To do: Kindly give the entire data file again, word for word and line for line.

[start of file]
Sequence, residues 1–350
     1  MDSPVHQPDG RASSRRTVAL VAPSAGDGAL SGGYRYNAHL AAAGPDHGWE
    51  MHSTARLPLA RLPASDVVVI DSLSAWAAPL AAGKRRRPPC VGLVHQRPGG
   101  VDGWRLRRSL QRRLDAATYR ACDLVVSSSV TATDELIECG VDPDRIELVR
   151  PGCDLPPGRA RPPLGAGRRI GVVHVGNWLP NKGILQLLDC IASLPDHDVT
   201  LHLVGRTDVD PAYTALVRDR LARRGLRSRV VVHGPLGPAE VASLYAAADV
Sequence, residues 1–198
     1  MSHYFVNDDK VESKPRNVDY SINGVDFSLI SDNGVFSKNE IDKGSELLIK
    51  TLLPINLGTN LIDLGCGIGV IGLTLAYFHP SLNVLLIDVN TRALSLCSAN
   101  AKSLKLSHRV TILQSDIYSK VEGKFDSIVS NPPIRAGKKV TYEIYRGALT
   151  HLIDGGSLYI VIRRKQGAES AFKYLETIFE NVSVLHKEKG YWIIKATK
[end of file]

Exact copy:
Sequence, residues 1–350
     1  MDSPVHQPDG RASSRRTVAL VAPSAGDGAL SGGYRYNAHL AAAGPDHGWE
    51  MHSTARLPLA RLPASDVVVI DSLSAWAAPL AAGKRRRPPC VGLVHQRPGG
   101  VDGWRLRRSL QRRLDAATYR ACDLVVSSSV TATDELIECG VDPDRIELVR
   151  PGCDLPPGRA RPPLGAGRRI GVVHVGNWLP NKGILQLLDC IASLPDHDVT
   201  LHLVGRTDVD PAYTALVRDR LARRGLRSRV VVHGPLGPAE VASLYAAADV
Sequence, residues 1–198
     1  MSHYFVNDDK VESKPRNVDY SINGVDFSLI SDNGVFSKNE IDKGSELLIK
    51  TLLPINLGTN LIDLGCGIGV IGLTLAYFHP SLNVLLIDVN TRALSLCSAN
   101  AKSLKLSHRV TILQSDIYSK VEGKFDSIVS NPPIRAGKKV TYEIYRGALT
   151  HLIDGGSLYI VIRRKQGAES AFKYLETIFE NVSVLHKEKG YWIIKATK